Gold-to-Silver Ratio Says Silver Is Extremely Undervalued
These days, if you look at the commodity world, you’ll see something very interesting: one commodity after another is making robust moves to the upside. In the midst of all this, however, one metal remains ignored: silver. But don’t be shocked if silver prices go significantly higher in the coming years.
To get an idea of how high silver prices could move, take a look at commodities like oil, nickel, coal, palladium, aluminum, tin, lithium, corn, wheat, soybeans, and coffee.
Why have such a bullish view on the price of silver? The metal is severely undervalued at the moment.
One measure that tells us how silver is valued is the gold-to-silver ratio. This ratio indicates how many ounces of silver it takes to buy one ounce of gold. So, a reading of 50 on the ratio means 50 ounces of silver are needed to buy one ounce of gold. Generally speaking, the higher the gold-to-silver ratio, the more undervalued silver is.
Now look at the chart below. It plots the long-term gold-to-silver ratio. Pay close attention to the major turning points on the chart.
Chart courtesy of Stockcharts.com
For long-time readers of Lombardi Letter, this type of chart isn’t really a new concept, but there are a few new factors that need to be considered.
The first thing to know about the above chart is that, over the past four decades or so, whenever the gold-to-silver ratio has increased past 80, it has almost always made its way back down to around 40. Currently, it looks like the ratio is on its way down. Assuming it goes to 40, and assuming gold prices remain around $1,900/ounce, silver prices would have to be around $47.50/ounce. That’s roughly 90% above the current price of silver.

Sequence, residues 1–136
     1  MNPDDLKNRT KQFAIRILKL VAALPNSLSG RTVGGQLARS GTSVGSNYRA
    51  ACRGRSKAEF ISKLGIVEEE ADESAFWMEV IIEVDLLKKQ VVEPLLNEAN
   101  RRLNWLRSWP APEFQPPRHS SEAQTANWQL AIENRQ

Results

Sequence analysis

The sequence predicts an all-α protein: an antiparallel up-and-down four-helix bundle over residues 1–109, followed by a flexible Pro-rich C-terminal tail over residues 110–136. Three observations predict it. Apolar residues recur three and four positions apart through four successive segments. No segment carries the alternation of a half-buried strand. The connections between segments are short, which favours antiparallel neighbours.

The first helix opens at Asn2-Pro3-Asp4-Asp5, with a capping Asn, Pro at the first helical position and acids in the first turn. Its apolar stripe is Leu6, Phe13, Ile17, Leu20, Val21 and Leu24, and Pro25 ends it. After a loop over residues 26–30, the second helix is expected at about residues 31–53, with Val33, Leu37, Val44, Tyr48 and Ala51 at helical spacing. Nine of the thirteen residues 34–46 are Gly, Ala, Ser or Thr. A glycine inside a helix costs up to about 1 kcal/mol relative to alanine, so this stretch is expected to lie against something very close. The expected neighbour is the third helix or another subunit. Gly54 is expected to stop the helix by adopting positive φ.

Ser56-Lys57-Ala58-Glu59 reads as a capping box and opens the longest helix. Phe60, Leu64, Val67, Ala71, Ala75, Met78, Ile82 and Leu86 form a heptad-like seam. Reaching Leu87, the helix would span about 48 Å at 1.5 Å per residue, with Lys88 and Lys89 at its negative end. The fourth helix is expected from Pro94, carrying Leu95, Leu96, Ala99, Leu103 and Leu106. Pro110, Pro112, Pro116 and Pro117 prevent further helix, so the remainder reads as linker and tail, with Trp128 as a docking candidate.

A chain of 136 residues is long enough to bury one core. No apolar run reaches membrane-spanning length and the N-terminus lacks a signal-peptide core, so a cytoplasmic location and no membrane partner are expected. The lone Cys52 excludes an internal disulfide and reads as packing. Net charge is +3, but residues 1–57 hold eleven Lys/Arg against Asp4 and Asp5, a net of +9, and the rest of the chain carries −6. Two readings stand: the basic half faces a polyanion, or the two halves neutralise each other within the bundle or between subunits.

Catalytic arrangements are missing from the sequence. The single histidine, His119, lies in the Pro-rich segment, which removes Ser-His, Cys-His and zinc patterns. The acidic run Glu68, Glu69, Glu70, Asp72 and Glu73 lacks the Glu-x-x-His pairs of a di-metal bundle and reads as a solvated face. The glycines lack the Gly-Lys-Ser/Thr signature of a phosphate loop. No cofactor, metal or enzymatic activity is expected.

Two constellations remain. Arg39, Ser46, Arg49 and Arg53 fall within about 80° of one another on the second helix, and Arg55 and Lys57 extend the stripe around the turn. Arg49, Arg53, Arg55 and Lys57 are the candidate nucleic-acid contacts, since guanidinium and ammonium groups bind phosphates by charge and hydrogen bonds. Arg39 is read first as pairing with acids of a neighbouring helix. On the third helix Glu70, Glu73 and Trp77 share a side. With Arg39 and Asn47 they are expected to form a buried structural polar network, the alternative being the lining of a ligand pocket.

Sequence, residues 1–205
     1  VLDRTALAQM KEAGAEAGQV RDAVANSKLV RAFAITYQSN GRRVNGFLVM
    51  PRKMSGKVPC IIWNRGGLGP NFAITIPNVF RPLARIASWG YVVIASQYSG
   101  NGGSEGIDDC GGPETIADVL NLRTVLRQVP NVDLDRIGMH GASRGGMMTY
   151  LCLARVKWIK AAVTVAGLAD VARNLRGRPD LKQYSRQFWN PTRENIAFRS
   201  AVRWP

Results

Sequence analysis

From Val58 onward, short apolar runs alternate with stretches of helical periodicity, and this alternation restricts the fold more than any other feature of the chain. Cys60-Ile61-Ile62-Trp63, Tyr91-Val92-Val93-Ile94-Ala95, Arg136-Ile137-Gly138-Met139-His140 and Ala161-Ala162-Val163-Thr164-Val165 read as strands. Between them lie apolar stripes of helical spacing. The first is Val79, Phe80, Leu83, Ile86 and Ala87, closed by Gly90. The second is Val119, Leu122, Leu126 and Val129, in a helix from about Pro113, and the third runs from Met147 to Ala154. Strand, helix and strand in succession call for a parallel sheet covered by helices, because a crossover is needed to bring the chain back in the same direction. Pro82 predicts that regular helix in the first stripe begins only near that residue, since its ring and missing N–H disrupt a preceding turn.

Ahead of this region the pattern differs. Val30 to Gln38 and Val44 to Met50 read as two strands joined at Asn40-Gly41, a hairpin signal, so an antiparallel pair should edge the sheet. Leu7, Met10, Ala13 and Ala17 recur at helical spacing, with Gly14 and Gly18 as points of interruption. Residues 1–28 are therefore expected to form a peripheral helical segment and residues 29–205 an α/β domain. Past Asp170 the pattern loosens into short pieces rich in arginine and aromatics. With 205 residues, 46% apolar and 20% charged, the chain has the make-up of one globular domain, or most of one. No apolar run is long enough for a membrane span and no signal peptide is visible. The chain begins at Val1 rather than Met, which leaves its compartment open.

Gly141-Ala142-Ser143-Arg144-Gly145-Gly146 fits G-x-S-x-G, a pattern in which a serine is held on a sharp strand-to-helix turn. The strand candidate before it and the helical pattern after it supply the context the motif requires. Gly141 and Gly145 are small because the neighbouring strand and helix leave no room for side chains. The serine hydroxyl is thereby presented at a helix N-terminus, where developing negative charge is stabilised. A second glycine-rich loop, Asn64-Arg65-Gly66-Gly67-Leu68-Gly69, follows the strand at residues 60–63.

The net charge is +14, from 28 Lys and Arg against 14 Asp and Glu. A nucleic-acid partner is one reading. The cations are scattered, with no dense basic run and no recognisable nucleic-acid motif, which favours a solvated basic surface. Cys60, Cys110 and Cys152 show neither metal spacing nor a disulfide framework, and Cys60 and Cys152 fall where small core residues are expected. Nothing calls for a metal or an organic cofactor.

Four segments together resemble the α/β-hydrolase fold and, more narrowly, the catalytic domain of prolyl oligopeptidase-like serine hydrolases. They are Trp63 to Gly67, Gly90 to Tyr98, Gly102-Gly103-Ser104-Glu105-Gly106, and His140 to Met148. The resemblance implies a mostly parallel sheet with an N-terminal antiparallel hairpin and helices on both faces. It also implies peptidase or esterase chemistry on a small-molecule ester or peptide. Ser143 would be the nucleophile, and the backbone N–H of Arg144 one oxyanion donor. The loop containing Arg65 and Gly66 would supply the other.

Digging a little bit deeper…
Whenever the gold-to-silver ratio goes above 90 or 100, we get some sort of major bottom in the price of silver. If you look closely at the above chart, you’ll see that, back in 1992, the ratio surged to about 99. Around that time, silver prices made a major bottom.
On the other hand, whenever the ratio is below 35, silver might not be the best investment. It usually signifies that the gray metal could be extremely overvalued. Look at what happened to silver prices around 1984 and 2011.
Here’s something to consider as well: the gold-to-silver ratio crossed above 110 in early 2020. The ratio hasn’t stretched this far in recent history. With this, you have to ask: has the price of silver hit a major bottom already?
Silver Prices Could Make Run for $50
Dear reader, I’m extremely bullish on silver. The precious gray metal has been ignored for years, and now that we’re seeing spikes in various commodity prices, I wouldn’t be surprised if we see something similar in the silver market.
I can’t stress this enough: while the current gold-to-silver ratio makes an extremely bullish case for silver, there are also other factors at play. The silver market has got some fundamental issues: the supply side is struggling while the demand side remains resilient.
Where does the price of silver go from here?
The case for $50.00/ounce silver is as strong as ever. Over the past few months, silver prices around $22.50 to $25.0 per ounce have acted as a strong resistance level. Silver continues to trade within this range. A move above this range could be extremely bullish.
I think the downside for silver could be very limited. The $15.00/ounce price has been a huge support level; many buyers usually come in when the price of silver goes that low. Moreover, we run into supply issues with silver prices that low. Anything below $15.00 could be an opportunity of a lifetime.